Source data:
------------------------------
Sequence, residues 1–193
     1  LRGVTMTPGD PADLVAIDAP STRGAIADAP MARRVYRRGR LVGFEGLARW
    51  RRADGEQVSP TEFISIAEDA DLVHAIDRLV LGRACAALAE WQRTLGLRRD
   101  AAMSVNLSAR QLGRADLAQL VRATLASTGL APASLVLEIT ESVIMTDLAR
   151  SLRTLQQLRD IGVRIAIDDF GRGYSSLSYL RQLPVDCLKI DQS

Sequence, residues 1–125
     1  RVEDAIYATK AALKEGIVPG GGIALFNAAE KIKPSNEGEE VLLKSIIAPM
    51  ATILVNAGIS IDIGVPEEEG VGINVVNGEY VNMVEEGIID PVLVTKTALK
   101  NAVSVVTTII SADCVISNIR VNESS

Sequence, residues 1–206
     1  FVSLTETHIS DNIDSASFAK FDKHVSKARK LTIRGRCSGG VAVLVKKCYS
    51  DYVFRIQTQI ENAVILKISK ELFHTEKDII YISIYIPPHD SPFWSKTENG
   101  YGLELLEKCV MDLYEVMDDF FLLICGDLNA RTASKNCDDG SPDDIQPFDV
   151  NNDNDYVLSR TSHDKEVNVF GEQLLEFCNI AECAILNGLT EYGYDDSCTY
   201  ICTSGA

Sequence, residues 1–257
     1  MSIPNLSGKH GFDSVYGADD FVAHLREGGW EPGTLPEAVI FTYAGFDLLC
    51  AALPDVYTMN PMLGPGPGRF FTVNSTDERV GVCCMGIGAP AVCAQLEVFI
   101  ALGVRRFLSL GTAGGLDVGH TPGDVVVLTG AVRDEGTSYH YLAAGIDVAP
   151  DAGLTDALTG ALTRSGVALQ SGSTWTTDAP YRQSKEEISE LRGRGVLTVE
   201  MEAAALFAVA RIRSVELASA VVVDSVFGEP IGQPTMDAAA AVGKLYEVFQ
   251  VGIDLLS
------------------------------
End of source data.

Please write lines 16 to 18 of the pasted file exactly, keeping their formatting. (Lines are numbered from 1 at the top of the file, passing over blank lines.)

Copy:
Sequence, residues 1–257
     1  MSIPNLSGKH GFDSVYGADD FVAHLREGGW EPGTLPEAVI FTYAGFDLLC
    51  AALPDVYTMN PMLGPGPGRF FTVNSTDERV GVCCMGIGAP AVCAQLEVFI